General Catalyst’s Candace Richardson: Moving the Healthcare Industry Away From 'Sick Care'
The healthcare industry is faced with increasing labor shortages, systemic inequities, and costs that are economically unsustainable. Candace Richardson, principal at General Catalyst, believes innovative payment models and technology, along with clinically-validated care models, can deliver on the promise of "Health Assurance." This term refers to the healthcare industry's evolution from “sick care,” to a resilient, proactive system designed to help people stay well, bend the cost curve, and make quality care more affordable and accessible.
KEY POINTS FROM CANDACE RICHARDSON'S POV
Why is Health Assurance such an important category moving forward?
The consumer experience in healthcare is decades behind other industries. “Whether it’s picking health insurance, scheduling a medical appointment or having visibility into out of pocket expenses, navigating the U.S. healthcare system is a pain,” according to Richardson. “Consumers are rightfully demanding the types of experiences they have grown to enjoy in other aspects of their lives like e-commerce and banking. The market is responding to this demand with more and more healthcare companies leveraging technology and data to provide their customers easier access, greater choice and more personalized experiences.
Government sponsored models are pushing for value-based care and health equity. “There is a steady stream of payment models coming from CMS that are enabling an accelerated shift to value-based care,” Richardson says. “These range from disease specific models like Comprehensive Kidney Care Contracting (CKCC) to broader models like ACO REACH, which allows providers to take risk in traditional Medicare. It’s particularly exciting to see health equity directly written into some of these models. For instance, ACO REACH requires all participants to develop and implement a robust health equity plan to measurably reduce health disparities.”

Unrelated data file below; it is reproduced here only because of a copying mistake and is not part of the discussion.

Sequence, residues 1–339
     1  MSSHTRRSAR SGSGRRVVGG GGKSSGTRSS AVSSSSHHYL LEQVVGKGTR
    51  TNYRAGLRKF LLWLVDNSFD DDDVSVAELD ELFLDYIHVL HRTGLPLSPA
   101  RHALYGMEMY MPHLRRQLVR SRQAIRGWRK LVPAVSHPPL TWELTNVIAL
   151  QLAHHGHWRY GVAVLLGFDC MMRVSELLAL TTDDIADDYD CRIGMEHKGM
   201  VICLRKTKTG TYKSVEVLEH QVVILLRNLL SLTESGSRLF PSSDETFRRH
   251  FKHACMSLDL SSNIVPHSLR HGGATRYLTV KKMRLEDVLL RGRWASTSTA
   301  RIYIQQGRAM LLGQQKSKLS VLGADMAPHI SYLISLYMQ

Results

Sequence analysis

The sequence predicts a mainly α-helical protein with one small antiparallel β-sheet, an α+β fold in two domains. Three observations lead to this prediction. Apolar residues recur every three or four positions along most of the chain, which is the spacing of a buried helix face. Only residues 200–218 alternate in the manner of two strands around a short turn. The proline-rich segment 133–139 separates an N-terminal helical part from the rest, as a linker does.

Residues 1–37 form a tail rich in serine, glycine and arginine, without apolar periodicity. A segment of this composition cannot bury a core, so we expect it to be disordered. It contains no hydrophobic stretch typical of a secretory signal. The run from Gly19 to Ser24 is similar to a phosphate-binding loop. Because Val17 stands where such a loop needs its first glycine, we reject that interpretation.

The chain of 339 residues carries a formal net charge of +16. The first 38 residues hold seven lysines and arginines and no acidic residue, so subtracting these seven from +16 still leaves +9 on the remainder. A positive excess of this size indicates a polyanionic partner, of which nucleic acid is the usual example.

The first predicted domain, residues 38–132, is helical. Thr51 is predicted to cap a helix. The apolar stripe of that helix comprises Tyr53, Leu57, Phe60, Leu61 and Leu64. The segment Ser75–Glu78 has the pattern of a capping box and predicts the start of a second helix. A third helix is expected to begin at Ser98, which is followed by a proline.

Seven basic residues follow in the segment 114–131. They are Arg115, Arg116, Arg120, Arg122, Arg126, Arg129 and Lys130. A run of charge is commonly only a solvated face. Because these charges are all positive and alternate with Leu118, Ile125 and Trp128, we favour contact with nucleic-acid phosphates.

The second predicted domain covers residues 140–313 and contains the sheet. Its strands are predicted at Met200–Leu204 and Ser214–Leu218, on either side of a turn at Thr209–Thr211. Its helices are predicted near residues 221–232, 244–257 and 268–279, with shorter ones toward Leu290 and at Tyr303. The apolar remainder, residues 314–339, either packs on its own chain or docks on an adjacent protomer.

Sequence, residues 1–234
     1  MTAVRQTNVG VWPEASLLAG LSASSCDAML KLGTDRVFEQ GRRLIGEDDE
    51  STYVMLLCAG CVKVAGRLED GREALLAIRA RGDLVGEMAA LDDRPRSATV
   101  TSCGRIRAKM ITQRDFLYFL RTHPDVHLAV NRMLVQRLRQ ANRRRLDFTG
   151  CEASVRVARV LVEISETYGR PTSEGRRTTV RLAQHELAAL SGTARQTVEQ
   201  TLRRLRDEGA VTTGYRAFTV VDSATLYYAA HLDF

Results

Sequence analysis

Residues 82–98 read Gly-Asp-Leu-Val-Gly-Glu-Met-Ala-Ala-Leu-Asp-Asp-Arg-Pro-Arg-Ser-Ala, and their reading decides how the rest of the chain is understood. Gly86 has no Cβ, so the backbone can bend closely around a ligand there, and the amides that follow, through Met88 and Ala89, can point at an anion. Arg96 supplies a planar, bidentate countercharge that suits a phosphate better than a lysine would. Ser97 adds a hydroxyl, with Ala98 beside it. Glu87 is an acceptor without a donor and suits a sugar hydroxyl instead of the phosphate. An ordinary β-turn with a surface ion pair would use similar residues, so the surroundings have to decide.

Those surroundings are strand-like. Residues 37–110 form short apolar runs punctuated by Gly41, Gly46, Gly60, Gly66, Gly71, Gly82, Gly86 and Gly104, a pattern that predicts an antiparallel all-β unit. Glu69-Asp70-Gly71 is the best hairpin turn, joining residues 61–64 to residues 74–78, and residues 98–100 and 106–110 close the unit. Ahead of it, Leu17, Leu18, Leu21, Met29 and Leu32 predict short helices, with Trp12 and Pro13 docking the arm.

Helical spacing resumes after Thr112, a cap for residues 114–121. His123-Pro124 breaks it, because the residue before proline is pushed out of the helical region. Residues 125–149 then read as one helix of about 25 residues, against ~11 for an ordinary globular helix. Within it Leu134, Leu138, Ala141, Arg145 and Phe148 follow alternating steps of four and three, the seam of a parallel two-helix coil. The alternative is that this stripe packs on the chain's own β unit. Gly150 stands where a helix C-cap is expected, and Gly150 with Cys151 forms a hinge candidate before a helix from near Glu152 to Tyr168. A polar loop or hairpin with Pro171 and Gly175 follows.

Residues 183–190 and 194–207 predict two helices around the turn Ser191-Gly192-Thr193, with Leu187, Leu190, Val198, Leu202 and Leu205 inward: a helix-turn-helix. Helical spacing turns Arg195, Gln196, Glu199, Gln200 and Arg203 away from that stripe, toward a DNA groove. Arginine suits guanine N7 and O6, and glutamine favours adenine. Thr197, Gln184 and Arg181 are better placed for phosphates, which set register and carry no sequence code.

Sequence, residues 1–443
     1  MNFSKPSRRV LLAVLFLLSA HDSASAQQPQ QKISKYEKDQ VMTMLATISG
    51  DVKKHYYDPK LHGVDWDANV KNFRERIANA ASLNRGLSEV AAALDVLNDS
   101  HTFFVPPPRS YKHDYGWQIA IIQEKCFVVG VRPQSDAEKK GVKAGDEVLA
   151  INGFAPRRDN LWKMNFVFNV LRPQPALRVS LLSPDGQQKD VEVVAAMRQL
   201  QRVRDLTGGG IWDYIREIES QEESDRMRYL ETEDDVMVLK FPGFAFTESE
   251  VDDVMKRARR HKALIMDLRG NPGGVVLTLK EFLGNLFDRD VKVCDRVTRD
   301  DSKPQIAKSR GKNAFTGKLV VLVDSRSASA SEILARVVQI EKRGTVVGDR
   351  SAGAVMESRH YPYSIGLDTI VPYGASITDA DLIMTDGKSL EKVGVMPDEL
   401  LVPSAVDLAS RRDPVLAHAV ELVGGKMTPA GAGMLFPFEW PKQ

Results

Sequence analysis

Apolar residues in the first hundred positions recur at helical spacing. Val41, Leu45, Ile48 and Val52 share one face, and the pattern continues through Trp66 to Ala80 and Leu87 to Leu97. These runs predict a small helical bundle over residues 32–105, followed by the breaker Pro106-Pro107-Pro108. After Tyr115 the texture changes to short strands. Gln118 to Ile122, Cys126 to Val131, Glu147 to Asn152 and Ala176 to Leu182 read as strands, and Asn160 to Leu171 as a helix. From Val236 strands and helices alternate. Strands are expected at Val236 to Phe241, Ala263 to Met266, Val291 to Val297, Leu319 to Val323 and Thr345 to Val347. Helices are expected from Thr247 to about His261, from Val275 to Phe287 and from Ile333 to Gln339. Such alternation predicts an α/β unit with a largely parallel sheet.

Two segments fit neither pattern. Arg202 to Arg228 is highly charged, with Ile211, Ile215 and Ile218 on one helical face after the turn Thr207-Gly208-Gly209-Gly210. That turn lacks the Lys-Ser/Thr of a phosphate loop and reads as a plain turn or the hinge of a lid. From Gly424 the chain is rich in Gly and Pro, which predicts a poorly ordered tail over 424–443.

What are the business models that might be attached to this category?
Value-based care payment models can align stakeholders across the value chain. Richardson points to Homeward Health as an example of this broader stakeholder convergence. “When Homeward improves health outcomes for people in rural markets at lower costs it’s beneficial to both the community, health plan partners, and Homeward. Value-based contracts afford them the flexibility to provide services (e.g. transportation and food) that we know impact health outcomes and costs, but aren’t traditionally reimbursed in a fee-for-services system,” says Richardson.
Richardson cites the shift to aging in place, new approaches to rural healthcare, healthcare workforce transformation, integrated mental care, and the operationalization of value-based care as among the most pressing issues in this space today.
What are some of the potential roadblocks?
Value-based care contracting is complicated and often highly bespoke, and the infrastructure to succeed in risk is still nascent. “We’ve seen the most maturation in primary care. In specialty care and behavioral health, value based contracts are still fairly new, which means there’s no playbook when you negotiate with payers,” says Richardson. “Once you have contracts signed, there is also a considerable amount of data and analytics required to appropriately risk stratify the populations you’re serving, engage them and deliver care that will result in better outcomes and savings. Companies like Eleanor Health, which delivers care to people with substance use disorder (SUD), are pioneering total cost of care value based care contracting in behavioral health.”
Negative macroeconomic trends bring challenges but also opportunity. “Heading into a challenging macroeconomic environment means longer sales cycles, and a higher bar for ROI as margins come under pressure,” she says. “It also means that payers of healthcare — whether it be employers, health plans or the government — will be even more eager to partner with companies that can demonstrate they can impact outcomes and drive savings.”